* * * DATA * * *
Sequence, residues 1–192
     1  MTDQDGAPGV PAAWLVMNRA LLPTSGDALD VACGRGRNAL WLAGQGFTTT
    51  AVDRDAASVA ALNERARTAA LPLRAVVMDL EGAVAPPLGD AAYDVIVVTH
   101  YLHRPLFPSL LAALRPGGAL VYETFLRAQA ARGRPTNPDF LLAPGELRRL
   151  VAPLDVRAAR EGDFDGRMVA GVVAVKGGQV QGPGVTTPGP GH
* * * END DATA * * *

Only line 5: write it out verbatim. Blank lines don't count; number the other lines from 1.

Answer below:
   151  VAPLDVRAAR EGDFDGRMVA GVVAVKGGQV QGPGVTTPGP GH